Absolutely, Mr Speaker. I agree with Mario Draghi that a reduction in openness would be very bad for the economy of Selsey Bill, and my right hon. Friend is right to draw attention to that. I entirely agree that the best way for the Government to protect the UK’s economy is to argue for the most open possible trading relationship with the European Union after we leave.

The coastal communities of Cumbria were deeply affected by Storm Desmond last December. The River Kent, which meets the sea at Morecambe bay, is one of Britain’s fastest-flowing and shortest rivers, and when it flooded last December, untold damage was caused to communities and the economy throughout the county. In last week’s autumn statement, the Government went back on their word from last December to fund the resilience of bridges to help prevent future flooding. Will the Chancellor apologise to the flood-hit communities of Cumbria for that betrayal, and, even at this late stage, will he change his mind?

We did announce funds for flood resilience in the autumn statement, distributed from money that had already been set aside for that purpose in the spending review. I did not mention Cumbria specifically in the autumn statement, but I will look at the case that the hon. Gentleman has raised, and will write to him.

I welcome my right hon. Friend’s announcements of the various sums, and may I suggest that the sums the Government have put aside for coastal defence are critical for places such as Whitstable, in my constituency, for generating economic as well as social confidence among the people who live there?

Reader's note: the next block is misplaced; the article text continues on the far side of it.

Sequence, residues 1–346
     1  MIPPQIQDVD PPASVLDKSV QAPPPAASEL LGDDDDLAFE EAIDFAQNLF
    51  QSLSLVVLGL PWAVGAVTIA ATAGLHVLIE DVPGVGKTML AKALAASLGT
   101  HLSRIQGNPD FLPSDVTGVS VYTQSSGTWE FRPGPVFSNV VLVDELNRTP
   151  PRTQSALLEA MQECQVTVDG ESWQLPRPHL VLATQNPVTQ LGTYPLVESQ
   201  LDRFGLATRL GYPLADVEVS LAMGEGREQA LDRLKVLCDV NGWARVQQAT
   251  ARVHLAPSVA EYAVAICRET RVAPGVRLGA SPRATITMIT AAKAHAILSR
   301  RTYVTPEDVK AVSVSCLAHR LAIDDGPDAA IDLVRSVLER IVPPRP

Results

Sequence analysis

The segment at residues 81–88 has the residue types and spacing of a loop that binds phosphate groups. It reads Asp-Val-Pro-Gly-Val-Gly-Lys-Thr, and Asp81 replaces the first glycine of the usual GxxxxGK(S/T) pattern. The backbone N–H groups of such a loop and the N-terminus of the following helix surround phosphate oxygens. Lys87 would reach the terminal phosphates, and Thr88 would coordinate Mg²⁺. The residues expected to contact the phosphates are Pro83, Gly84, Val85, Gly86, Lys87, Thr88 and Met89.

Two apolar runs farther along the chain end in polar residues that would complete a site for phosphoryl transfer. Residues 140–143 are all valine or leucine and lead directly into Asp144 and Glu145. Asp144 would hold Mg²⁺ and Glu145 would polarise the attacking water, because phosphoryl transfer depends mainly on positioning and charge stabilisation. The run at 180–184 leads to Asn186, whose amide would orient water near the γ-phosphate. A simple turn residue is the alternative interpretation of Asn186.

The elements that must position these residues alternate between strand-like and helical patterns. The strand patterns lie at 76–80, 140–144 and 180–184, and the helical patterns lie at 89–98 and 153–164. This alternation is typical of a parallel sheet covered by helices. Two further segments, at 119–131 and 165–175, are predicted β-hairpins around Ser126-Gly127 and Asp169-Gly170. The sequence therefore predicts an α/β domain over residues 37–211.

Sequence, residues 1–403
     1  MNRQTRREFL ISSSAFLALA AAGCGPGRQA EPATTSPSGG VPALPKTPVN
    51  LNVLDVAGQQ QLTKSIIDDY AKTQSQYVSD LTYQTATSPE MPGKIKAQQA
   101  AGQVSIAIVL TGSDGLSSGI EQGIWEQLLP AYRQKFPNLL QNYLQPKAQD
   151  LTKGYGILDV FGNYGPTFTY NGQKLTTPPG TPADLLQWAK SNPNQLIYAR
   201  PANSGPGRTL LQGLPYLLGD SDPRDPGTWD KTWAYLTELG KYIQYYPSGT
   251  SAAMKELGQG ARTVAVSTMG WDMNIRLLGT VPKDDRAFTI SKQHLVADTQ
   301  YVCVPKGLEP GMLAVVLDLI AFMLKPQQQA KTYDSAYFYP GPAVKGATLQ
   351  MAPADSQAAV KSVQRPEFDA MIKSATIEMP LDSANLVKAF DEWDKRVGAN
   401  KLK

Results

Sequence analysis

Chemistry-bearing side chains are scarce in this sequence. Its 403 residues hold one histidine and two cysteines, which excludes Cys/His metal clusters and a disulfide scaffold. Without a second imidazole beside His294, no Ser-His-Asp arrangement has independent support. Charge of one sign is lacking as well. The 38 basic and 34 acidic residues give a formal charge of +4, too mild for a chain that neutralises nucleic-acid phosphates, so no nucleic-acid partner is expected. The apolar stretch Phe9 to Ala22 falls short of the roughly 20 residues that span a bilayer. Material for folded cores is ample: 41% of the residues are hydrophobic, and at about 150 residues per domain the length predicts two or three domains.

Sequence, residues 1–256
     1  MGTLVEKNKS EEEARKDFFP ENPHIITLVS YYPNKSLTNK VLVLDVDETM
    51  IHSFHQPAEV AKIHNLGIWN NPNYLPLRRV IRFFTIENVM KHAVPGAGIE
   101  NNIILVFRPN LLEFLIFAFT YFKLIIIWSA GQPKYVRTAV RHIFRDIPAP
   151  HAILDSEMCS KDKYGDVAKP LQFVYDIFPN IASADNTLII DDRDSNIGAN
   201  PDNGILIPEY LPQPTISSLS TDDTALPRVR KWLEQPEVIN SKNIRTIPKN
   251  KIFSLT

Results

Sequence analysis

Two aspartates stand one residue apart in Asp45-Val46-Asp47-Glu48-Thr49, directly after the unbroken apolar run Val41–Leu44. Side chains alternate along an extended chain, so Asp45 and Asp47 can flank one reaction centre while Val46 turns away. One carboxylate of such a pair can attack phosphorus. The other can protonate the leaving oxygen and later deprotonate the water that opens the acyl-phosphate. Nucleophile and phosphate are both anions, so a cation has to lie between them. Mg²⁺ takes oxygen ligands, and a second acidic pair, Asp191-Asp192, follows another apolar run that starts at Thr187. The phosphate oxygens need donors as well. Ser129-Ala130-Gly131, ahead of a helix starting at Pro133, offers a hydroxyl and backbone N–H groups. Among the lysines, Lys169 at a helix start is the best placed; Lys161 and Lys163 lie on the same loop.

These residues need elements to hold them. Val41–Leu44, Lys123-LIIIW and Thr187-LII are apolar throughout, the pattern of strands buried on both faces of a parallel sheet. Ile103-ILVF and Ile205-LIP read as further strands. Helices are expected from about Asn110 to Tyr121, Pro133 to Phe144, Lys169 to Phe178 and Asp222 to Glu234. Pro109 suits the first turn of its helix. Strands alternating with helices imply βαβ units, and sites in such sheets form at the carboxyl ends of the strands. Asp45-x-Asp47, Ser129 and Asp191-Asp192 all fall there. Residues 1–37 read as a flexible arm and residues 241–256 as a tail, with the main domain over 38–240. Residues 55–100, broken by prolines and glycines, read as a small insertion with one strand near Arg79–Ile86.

My hon. Friend is absolutely right and of course flood defences are categorised as economic infrastructure precisely because they are a critical enabler of business activity and are critical to protect transport, communications, infrastructure and so on, and we will continue to invest in them.

It is about time we heard from this Government about support for our coastal economies because we have just seen, in last week’s autumn statement, a catalogue of six and a half years of abject failure, whether on infrastructure, skills or support for businesses. The coastal communities of Formby and Crosby in my constituency need to hear a lot more from the Chancellor. They need support now and in the future.

If the hon. Gentleman had been listening, what he would have heard last week was a catalogue of 2.7 million new jobs created over the last six and a half years, a deficit inherited from Labour at a peacetime record high slashed by two-thirds, a million new jobs created in the UK, record employment levels and 865,000 fewer workless households, all of which will have made an important contribution to improving living standards and prospects in coastal communities throughout the UK.